It was an odd vote.
European observers may be forgiven for thinking that British politicians are exceedingly bad judges of their own electorate. Cameron lost the Brexit vote last year and now May. Considering that both votes were essentially unnecessary, the blunder is astounding.
The result now is that Theresa May is a much weakened prime minister who, none the less, will still have to negotiate through the mammoth complexity of leaving the European Union -- and at the same time reach a new deal with the same EU.
Many are, of course, happy that May and the Tories got their nose bloodied. It was quite arrogant to call the snap election, and the election manifesto was beyond arrogant.
However, the situation for Britain just got a whole lot worse.
The prime minister and her government are weakened and the opposition is strengthened. Whatever deal the government is able to make with the EU in the Brexit negotiations will be subject to hostile scrutiny in parliament, a parliament that will also be much more demanding and keep looking at the government over the shoulders.
The EU negotiators will know that they are negotiating with someone who may not be able to give the final word.
Moreover, Theresa May campaigned on “No deal is better than a bad deal.” The slogan suggested she would be no push-over in the negotiations, and many have also read the slogan as an opening gambit meant for the EU’s ears as well as the voters.
Now, however, with a weaker parliamentary support, dissatisfaction within her own ranks, the ever-opportunist Boris Johnson breathing down her neck, and an eye (as always) on the next election, she will still need to portray herself as a strong leader.
Where she previously could have been willing to compromise as strong leaders do, she now will have to prove her strength and resolve and avoid compromises.
Compromises are so easily criticised, and British media loves a good hunt.
New players at the table?
A worrisome aspect of the election outcome is the influence the Democratic Unionist Party of Northern Ireland now enjoys as a government coalition partner.
That party’s aims were simple: First influence, which they got, and second, no special treaty for Northern Ireland.
This last point is important to them because they do not want the link between Northern Ireland and London to be weakened through a Brexit process.
That will now not happen.
On the contrary, it is the link between Northern Ireland and the Irish Republic that will suffer. The border between the two parts of the island is likely to be harder, with Ireland remaining in the EU and Britain leaving it.
Northern Ireland has enjoyed peace since the Good Friday deal put an end to “the troubles,” precisely by toning down the border between the two parts of the island.
In reality, the border has been practically non-existent for many years. Now it will come back up again. Perhaps there will be border controls? Border guard patrols? There is no reason to believe that a weakened and DUP-dependent Prime Minister May will have any reason or inclination to soften the impact.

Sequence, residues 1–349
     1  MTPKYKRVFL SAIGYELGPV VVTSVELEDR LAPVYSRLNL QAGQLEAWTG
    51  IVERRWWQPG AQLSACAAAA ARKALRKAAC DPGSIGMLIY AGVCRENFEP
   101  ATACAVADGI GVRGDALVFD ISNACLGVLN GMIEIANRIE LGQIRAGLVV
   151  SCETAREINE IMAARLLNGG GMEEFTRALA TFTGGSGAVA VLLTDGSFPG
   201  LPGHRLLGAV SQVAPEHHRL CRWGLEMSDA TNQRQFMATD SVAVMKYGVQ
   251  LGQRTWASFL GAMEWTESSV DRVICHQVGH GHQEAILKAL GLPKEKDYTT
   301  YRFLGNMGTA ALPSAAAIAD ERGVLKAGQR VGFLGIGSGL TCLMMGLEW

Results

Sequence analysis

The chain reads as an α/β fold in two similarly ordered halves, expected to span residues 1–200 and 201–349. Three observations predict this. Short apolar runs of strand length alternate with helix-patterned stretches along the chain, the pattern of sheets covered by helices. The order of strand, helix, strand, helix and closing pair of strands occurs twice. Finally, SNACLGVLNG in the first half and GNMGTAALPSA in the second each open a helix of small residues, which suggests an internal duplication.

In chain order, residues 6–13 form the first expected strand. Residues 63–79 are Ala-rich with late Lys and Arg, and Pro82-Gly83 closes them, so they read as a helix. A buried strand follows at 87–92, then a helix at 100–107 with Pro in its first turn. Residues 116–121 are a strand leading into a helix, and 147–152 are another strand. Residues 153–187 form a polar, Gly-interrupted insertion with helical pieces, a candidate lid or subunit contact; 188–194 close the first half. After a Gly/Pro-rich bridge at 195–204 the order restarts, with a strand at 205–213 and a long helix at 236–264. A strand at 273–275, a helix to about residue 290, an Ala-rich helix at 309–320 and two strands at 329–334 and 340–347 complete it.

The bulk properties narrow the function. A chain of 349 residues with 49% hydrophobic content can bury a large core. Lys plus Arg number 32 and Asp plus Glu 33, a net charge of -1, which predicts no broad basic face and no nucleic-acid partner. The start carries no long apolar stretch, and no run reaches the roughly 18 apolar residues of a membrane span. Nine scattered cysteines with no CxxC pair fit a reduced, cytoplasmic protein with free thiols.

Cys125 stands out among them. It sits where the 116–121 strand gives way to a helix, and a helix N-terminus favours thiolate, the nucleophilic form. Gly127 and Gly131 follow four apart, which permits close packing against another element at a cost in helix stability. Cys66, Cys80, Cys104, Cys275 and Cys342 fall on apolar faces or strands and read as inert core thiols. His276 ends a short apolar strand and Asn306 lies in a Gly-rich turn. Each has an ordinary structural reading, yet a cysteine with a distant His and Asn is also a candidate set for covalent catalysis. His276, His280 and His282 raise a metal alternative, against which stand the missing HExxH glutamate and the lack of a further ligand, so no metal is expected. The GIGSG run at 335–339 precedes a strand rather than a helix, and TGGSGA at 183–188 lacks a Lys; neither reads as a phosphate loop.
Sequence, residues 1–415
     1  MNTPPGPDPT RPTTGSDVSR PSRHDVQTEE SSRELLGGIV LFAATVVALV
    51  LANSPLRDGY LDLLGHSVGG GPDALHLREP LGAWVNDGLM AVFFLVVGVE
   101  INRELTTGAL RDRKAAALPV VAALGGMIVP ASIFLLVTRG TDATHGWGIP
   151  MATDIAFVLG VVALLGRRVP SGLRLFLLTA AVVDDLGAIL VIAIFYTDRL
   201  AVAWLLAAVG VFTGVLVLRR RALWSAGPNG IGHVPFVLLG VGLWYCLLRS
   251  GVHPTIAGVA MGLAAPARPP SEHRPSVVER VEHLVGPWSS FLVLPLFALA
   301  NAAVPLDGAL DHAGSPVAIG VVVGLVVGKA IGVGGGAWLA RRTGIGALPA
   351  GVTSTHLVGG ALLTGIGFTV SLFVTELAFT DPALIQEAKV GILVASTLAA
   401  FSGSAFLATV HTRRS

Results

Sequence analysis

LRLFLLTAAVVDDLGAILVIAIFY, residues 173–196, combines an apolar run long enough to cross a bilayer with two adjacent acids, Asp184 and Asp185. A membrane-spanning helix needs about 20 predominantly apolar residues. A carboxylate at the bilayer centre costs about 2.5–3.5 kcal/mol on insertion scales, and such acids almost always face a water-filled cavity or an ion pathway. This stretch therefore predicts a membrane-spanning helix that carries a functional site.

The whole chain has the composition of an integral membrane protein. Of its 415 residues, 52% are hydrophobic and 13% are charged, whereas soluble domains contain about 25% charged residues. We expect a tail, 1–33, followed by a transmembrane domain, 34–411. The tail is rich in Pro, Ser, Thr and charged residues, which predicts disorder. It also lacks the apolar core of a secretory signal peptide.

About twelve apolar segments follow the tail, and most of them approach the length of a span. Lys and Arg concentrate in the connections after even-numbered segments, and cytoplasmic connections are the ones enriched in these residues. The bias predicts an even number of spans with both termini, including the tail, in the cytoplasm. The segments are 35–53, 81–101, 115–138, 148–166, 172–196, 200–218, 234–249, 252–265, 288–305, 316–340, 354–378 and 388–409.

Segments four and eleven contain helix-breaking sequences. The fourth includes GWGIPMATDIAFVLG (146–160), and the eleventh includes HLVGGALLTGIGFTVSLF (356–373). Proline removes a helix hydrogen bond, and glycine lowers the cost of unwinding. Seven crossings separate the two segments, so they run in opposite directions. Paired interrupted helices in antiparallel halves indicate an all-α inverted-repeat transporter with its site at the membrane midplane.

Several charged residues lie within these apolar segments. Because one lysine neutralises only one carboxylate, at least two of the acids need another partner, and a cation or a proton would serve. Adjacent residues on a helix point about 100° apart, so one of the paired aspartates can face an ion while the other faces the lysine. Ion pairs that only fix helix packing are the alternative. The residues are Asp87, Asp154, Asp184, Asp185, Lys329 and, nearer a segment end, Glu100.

Would Corbyn have been better?
The Corbyn effect
It is to his credit that he managed to raise himself after the challenges and unfair criticism he was exposed to in his early days as Labour leader. He also had a much better campaign than May did. “For the many, not for the few” was a slogan that gave many a new sense of hope in politics. The number of youth registering for the vote is a testimony to his impact.
At the same time we should not forget that he is partly to blame for Brexit. His unclear position on the EU, including immigration, is likely to have helped the Leave campaign substantially.
‘For the many, not for the few’ was a slogan that gave many a new sense of hope in politics. The number of young registering for the vote is testimony to his impact
There is also no reason to think that he would have been able to get a substantially better deal with the EU -- possibly the opposite.
His position is so unclear that it would have been difficult for him to take a stance, and besides, had he won a few more seats and been able to form government, he would still have had to tackle a large and vengeful Tory party in parliament and a LibDem demanding a second referendum.
It is to Corbyn’s and Labour’s credit that they were able to shift some of the attention to social issues such as the NHS, and he has probably silenced, for a long time, any internal opposition in the party.
He might even have been a better prime minister for the many. But he would also have had to spend most of his days as PM negotiating with the EU.
Perhaps he got the best of all worlds. He won, in so many ways, but he did not win enough to become PM. This means he will not be burdened with the negotiations or the results. Instead he can make May’s life that much of a bother and quietly build Labour for the next crossroads five years down the line.
A good sign in all this mess is that most EU voices that have been heard are not gloating. They may be exasperated and probably would have preferred a strong May to negotiate with.
But they also seem to have accepted that it is for the British electorate to vote and decide on the composition of parliament and government.
Time to get down to business
Now that the election is over, the negotiations will have to continue.
They will be more difficult but they may also be less acrimonious. It has been rather stressful for European politicians and policy makers to have to deal with statements by British politicians that were more part of an internal British election campaign than real negotiations with the EU.
Now Britain has a parliament and a government, and both are likely to remain for five years -- until well after Brexit. Now they can all get down to business.
Arild Engelsen Ruud is Professor of South Asia Studies, Department of Culture Studies and Oriental languages, University of Oslo, Norway.